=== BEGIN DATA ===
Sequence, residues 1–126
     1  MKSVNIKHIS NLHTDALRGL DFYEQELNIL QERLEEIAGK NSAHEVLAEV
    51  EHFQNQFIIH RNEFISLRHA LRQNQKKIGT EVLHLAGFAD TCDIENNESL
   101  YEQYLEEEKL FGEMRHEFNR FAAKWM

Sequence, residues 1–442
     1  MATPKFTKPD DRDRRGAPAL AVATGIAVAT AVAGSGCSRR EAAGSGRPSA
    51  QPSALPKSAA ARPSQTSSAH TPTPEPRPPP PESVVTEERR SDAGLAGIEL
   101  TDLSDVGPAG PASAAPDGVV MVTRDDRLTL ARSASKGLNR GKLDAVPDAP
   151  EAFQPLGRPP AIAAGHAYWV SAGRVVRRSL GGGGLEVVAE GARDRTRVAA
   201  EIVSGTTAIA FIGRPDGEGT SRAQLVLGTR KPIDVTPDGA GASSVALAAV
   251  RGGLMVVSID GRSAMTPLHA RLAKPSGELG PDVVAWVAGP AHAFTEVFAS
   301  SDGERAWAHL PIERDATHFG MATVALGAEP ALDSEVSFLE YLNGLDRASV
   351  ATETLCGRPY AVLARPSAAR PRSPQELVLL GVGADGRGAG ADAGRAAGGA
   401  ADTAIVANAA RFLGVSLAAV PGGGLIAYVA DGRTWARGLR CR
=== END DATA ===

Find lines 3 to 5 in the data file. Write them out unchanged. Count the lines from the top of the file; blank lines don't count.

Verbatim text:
    51  EHFQNQFIIH RNEFISLRHA LRQNQKKIGT EVLHLAGFAD TCDIENNESL
   101  YEQYLEEEKL FGEMRHEFNR FAAKWM

Sequence, residues 1–442